Virus Headlines Scare Traders, Cause More Losses For Crude

by Ship & Bunker News Team
Friday July 17, 2020

Oil prices on Friday fell slightly as rising coronavirus rates in several countries are said to be having a negative impact on fuel purchases; however, there seem to be a limited number of examples of lower purchases globally, and demand overall remains largely recovered from a 30 percent drop in April.

Brent dipped 23 cents to settle at $43.14 per barrel, while West Texas Intermediate fell 16 cents to $40.59; both contracts were little changed from a week earlier.

Also affecting prices was an easing of output reductions as some producers, bolstered by the relatively quick economic recovery, consider resuming operations; it is said that energy firms could start adding rigs later this year if prices remain stable at higher levels, and Raymond James estimates that rig activity will average 270 in the second half of 2020 compared to the present 250.

For his part, Alexander Novak, energy minister for Russia, doubted that the easing of curbs on oil production would significantly affect prices, and he added that prices in a range between $40 and $43 per barrel are more or less balanced.

The only examples of impacted demand due to the coronavirus infections reported on Friday were in India and Indonesia, the latter of whose oil lifting in January to June stood at 713,300 barrels per day (bpd), lower than the 755,000 bpd targeted in that country's state budget.

Dwi Soetjipto, chairman of regulator SKK Migas, said, "The upstream oil and gas sector nationally and internationally is going through extraordinary pressures due to lower prices; this is then followed by the Covid-19, which impacted consumption and demand.

"With these pressures, we are having problems achieving targets."

In India, road fuel sales fell in the first half of July as virus lockdowns occurred in several cities.

Sal Gilbertie, president and CIO of Teucrium Trading LLC, summarized the sentiment of the analytical community by stating, "There's some trepidation on people's part between the resurgence of the virus around the world limiting people heading back to work" and the anticipation of increased production.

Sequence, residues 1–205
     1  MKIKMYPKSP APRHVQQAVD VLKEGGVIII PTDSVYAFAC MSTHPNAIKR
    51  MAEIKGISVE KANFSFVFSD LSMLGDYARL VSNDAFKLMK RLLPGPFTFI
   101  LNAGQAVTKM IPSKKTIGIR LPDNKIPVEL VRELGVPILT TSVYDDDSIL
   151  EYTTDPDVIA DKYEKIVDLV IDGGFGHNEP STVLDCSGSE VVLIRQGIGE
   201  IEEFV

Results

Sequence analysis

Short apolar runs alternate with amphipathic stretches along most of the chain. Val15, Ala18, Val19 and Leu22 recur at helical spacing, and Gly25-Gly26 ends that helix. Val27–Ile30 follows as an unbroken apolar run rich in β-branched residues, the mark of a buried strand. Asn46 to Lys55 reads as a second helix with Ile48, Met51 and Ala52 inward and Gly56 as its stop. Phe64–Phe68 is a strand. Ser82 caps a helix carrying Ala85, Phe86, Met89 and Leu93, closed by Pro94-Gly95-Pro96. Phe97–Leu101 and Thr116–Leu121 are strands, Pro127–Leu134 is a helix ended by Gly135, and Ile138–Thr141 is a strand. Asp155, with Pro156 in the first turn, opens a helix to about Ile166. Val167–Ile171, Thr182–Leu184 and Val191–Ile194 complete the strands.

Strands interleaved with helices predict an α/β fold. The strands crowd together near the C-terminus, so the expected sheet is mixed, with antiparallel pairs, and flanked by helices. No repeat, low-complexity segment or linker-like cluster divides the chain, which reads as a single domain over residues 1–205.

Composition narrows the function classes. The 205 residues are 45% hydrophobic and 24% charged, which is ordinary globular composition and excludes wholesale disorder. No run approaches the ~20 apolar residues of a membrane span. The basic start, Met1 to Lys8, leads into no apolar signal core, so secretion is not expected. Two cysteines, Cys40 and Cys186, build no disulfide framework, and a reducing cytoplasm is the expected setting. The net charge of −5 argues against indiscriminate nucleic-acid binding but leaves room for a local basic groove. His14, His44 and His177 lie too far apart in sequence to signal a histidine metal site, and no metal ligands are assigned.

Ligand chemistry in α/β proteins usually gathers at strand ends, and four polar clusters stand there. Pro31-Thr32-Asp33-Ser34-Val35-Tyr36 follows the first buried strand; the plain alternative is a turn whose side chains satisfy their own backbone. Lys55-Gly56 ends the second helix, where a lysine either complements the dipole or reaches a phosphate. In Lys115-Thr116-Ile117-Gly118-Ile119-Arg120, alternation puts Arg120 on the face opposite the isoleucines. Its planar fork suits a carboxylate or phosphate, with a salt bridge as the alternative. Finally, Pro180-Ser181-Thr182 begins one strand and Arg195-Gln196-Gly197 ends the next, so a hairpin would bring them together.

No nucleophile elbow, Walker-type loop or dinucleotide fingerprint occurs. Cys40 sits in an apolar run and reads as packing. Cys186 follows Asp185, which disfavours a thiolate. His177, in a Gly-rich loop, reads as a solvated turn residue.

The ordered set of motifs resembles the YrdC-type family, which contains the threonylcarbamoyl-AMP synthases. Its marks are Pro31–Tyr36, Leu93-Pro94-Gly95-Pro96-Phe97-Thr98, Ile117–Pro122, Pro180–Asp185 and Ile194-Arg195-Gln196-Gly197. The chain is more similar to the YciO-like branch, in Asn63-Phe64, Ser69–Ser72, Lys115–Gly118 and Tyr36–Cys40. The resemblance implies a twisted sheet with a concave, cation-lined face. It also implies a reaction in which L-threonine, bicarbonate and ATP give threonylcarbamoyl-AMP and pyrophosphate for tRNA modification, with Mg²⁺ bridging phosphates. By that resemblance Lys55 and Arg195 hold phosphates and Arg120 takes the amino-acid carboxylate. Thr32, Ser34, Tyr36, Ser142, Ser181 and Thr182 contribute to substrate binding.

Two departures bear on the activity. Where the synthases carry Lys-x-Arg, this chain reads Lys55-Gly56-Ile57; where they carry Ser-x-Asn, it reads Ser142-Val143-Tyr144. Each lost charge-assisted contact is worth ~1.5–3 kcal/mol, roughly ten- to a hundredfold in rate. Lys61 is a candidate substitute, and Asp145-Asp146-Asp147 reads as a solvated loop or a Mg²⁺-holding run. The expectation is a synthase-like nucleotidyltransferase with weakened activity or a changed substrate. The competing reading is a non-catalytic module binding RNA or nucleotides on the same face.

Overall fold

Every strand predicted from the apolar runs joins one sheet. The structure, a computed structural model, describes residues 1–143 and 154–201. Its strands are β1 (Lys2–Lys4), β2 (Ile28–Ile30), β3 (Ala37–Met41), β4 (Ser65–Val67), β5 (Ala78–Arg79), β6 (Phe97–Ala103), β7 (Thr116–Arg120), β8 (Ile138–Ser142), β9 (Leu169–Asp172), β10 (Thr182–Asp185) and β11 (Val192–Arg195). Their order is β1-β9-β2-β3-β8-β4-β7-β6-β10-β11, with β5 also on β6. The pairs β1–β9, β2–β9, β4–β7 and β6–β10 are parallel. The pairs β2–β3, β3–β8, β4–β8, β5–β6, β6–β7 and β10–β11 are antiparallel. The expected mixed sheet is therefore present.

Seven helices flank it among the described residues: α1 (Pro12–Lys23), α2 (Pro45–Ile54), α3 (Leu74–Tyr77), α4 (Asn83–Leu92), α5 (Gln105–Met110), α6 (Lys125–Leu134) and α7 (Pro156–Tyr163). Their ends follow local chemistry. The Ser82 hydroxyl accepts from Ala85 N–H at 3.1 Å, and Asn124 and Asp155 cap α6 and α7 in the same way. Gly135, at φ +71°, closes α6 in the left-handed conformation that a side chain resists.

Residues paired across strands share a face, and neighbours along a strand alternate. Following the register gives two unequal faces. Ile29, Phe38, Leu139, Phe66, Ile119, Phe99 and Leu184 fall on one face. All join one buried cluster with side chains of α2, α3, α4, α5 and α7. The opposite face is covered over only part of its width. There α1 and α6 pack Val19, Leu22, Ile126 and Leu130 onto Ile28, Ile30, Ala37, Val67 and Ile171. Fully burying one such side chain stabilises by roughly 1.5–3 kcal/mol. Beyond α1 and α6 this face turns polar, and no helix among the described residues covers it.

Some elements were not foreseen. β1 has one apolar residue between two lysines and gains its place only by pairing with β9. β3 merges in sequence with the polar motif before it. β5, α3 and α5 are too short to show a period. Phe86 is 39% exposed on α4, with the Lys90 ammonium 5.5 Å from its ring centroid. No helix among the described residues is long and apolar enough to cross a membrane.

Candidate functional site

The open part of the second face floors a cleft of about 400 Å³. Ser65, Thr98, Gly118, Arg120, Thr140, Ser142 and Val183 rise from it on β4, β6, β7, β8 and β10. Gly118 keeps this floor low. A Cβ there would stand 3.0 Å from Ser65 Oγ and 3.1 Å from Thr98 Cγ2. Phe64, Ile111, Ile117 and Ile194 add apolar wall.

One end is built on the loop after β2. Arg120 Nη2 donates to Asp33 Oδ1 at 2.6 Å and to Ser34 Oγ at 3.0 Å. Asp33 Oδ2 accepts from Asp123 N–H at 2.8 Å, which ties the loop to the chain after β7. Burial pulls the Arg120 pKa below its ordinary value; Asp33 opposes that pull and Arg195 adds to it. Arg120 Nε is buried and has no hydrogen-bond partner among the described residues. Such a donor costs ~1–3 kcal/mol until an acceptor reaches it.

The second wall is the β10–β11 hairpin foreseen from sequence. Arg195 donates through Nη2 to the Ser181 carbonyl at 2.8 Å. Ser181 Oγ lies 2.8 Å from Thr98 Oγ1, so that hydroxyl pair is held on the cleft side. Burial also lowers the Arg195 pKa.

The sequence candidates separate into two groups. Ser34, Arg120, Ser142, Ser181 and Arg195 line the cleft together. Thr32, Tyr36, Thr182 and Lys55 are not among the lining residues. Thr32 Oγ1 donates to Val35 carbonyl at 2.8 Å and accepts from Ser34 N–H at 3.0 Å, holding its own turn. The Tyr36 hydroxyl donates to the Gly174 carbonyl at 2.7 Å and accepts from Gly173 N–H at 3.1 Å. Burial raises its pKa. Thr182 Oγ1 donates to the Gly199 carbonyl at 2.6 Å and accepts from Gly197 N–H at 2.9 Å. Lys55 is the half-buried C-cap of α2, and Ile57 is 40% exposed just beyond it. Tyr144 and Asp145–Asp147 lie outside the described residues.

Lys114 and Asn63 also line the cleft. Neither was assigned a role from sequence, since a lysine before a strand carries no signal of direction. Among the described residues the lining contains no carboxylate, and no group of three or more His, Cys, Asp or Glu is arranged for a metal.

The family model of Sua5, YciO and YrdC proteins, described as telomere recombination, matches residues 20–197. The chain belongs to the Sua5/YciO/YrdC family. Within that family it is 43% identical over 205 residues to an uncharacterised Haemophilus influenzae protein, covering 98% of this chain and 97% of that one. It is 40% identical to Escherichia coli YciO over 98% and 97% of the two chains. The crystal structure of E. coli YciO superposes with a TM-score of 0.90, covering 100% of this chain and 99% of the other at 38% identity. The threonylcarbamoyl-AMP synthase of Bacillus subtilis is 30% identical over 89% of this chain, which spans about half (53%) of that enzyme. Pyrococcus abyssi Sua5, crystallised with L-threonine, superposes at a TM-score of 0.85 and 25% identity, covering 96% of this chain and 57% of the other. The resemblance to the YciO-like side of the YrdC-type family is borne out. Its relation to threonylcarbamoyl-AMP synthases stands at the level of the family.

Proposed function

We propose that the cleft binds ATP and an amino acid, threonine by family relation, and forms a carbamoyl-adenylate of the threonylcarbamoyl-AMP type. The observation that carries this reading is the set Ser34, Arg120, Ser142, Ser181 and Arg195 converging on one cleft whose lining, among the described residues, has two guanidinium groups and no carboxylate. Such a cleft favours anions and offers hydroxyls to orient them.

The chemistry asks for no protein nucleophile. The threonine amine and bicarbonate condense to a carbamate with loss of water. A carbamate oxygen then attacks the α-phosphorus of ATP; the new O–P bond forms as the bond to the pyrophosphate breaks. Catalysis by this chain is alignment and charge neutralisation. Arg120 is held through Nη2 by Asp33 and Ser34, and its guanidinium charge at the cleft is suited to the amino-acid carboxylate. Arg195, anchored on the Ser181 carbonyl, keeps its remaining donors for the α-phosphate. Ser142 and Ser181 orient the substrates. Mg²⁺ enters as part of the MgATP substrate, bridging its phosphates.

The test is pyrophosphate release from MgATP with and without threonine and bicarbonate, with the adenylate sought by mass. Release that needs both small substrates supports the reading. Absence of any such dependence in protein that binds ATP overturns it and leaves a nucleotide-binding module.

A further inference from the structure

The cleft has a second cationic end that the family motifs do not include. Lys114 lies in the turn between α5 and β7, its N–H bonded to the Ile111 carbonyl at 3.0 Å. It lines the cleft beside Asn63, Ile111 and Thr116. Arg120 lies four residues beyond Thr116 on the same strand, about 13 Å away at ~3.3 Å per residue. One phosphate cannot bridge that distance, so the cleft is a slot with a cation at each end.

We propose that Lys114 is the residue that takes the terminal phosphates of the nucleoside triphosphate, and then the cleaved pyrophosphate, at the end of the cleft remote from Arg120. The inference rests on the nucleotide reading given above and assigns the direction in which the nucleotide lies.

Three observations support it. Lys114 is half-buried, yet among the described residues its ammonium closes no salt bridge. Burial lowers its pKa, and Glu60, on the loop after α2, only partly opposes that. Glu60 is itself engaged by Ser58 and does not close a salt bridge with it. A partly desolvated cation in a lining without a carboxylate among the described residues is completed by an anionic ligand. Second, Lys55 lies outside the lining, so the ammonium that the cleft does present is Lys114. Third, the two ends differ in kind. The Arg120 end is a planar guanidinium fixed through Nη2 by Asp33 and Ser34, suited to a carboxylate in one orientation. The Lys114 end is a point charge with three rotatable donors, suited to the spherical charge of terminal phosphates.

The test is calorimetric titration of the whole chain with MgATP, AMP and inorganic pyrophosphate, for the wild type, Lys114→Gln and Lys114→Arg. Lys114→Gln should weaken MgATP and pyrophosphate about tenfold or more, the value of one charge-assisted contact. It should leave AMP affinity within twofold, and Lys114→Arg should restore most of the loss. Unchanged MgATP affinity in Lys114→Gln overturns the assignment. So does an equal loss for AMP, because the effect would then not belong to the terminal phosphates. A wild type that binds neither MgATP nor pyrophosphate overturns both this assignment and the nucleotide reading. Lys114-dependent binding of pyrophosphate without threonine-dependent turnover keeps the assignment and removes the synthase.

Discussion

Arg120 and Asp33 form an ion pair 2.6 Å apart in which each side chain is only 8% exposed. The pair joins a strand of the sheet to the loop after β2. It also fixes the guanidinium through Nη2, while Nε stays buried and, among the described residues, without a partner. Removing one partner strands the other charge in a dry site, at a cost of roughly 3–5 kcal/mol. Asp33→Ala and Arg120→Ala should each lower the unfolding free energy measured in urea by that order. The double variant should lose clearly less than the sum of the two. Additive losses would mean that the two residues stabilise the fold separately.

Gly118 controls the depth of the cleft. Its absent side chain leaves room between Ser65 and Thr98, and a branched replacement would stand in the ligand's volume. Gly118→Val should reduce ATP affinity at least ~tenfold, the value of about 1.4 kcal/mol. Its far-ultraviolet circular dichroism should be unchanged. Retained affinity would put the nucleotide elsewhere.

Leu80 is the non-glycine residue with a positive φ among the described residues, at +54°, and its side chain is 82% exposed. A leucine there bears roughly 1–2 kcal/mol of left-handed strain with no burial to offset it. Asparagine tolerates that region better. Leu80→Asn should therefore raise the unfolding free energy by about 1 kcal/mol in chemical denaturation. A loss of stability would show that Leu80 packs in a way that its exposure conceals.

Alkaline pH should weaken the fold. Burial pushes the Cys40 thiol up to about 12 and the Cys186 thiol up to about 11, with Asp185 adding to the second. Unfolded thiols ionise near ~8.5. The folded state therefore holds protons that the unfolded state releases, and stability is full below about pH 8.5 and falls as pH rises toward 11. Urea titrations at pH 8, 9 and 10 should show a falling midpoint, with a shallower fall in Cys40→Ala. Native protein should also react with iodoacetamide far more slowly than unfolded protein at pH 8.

Unfortunately the majority of traders are swayed by headlines, and news media's obsession over rising coronavirus rates is at the expense of highlighting a steady stream of positive news about treatment and vaccine development.

The focus on infection rates has also obfuscated criticism about the way the virus is perceived by health officials, and events this week in Western Canada demonstrate that nothing satisfies health authorities: B.C. on Thursday announced that radical mitigation efforts have led to an infection rate of less than 1 percent for the entire province, but this merely caused health minister Adrian Dix to worry that such a low level of transmission also means "very few people with antibodies to deal with future spikes of Covid-19."

Another media obsession shared by health officials - that of making mask wearing mandatory - has obscured several studies showing that unlike social distancing and hand washing, masks do nothing to slow transmission.

The latest study, Masks Don't Work: A Review of Science Relevant to Covid-19 Social Policy, found that "No study exists that shows a benefit from a broad policy to wear masks in public.

"In light of the medical research, therefore, it is difficult to understand why public-health authorities are not consistently adamant about this established scientific result, since the distributed psychological, economic, and environmental harm from a broad recommendation to wear masks is significant, not to mention the unknown potential harm from concentration and distribution of pathogens on and from used masks."

If crude traders still prefer the media and health officials' party line regarding the virus, presumably they might be buoyed by the latest news on the vaccine front: the European Union is negotiating advance purchase deals of potential vaccines with drugmakers Moderna, Sanofi, and Johnson & Johnson as well as biotech firms BioNtech and CureVac.

Over 150 possible vaccines are being developed and tested around the world, and of 23 in human clinical trials at least three are in final Phase III testing.